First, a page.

The real estate market in the region has been hot, and Cumberland’s market has been hotter than most.
During a recent update to council, Maurice Primeau, BC Assessment Authority’s deputy assessor for the region, pointed out the community, with its location and recreation opportunities, had shown higher than average assessment increases during the last year.
“It’s a very enticing and inviting community,” he told council during a May 30 committee of the whole meeting. “It’s sort of like a Whistler of Vancouver Island.”
While most of north Vancouver Island posted assessment value increases of at least 30 per cent for single-family residential, Cumberland’s average was 38 per cent higher than the previous year’s value, Primeau said. Courtenay and Comox were at 35 per cent, Campbell River was 34 per cent, Port Hardy was 39 per cent and Port Alice was 35 per cent. Port McNeil actually rose by 43 per cent.
Tahsis provided an exception, as its increase was just under 30 per cent, but it had shown a disproportionate increase the previous year.
“Demand was incredibly heavy across Vancouver Island…. It was a very, very busy year,” Primeau said. “It was a wild market.”
He did note with changes in interest rates, recent market activity in the region is slowly a little, with homes staying on the market a bit longer and less ‘overbidding’ on homes once they are up for sale.
Primeau also looked into data on managed forest specifically in response to a request from Cumberland’s council. Of note, he said the latest value shows a drop of $635,000. The total value is based on factors such as soil, trees and topography. The value of the timber is only taken into account one time, whenever it is harvested, then removed as of the next year, which is what happened in this case to explain the drop.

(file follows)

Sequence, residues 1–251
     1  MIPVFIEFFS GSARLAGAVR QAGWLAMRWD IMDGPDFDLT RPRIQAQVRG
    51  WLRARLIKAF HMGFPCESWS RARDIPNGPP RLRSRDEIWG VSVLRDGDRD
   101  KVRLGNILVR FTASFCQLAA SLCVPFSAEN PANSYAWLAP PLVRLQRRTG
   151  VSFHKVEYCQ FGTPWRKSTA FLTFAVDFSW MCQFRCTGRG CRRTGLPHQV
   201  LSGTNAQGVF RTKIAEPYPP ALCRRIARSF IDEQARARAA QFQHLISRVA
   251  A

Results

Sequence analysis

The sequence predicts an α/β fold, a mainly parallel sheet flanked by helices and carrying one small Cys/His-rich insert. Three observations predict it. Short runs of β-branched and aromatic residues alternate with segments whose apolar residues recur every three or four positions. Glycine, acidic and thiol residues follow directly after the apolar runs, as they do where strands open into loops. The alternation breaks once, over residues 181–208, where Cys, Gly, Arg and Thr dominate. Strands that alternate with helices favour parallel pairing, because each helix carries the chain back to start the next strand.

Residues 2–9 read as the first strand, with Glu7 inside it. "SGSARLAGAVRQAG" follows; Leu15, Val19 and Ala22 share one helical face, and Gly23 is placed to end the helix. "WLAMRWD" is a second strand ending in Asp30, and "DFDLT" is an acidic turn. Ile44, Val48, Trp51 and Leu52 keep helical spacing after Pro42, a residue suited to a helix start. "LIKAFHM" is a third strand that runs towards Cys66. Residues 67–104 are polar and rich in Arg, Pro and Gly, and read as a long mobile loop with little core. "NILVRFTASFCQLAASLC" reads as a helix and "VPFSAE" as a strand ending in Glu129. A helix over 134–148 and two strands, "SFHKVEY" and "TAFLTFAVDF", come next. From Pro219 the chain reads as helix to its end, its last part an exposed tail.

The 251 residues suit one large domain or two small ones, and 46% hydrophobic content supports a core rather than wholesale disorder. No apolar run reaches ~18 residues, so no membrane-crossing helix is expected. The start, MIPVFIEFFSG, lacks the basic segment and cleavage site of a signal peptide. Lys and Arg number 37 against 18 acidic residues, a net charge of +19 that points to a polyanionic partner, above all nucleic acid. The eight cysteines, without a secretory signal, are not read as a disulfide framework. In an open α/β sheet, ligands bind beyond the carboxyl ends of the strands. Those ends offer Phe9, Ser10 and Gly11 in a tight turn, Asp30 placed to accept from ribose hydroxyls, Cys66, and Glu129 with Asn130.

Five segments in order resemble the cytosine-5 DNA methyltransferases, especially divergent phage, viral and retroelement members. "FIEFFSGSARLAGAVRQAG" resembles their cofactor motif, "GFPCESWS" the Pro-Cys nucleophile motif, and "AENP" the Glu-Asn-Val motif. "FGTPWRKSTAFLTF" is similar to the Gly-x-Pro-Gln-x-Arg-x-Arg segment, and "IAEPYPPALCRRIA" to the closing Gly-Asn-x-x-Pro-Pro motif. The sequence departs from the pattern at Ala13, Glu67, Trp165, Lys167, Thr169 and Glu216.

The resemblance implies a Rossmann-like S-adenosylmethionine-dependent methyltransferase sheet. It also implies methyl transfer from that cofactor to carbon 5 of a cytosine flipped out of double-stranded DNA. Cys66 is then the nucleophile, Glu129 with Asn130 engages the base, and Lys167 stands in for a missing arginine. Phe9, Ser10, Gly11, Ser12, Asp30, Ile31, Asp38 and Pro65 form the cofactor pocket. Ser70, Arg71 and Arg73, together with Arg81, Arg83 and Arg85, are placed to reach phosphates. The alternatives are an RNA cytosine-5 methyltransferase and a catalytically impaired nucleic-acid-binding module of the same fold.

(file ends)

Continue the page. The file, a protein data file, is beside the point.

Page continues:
“Managed forest is a bit of an interesting beast,” he said.
Council had questions about the process and how the village can change the way the rates are calculated for the managed forest land in order to provide more consistency for what the forest companies pay.
In his presentation, Primeau also touched on misconceptions around what people’s assessments mean versus their actual property tax rates, saying the assessments are only one factor, along with the rates, used to calculate property taxes. The rates, and ultimately the tax levies, are then calculated by a taxing authority like a local government.
“That is a very clear line in the sand,” he said, adding the important thing for people to remember is how their assessment value compares to the average in their community.
The role for BC Assessment, Primeau added, is to determine how to weigh the value of each property in a class fairly against similar ones.
Coun. Jesse Ketler said she understood the role the assessments played for individual properties but added a high assessment roll increase still has an effect for communities as a whole because it can mean a community like Cumberland can pay more for regional services than its neighbours do.
“It does affect how we are taxed through the regional district,” she said.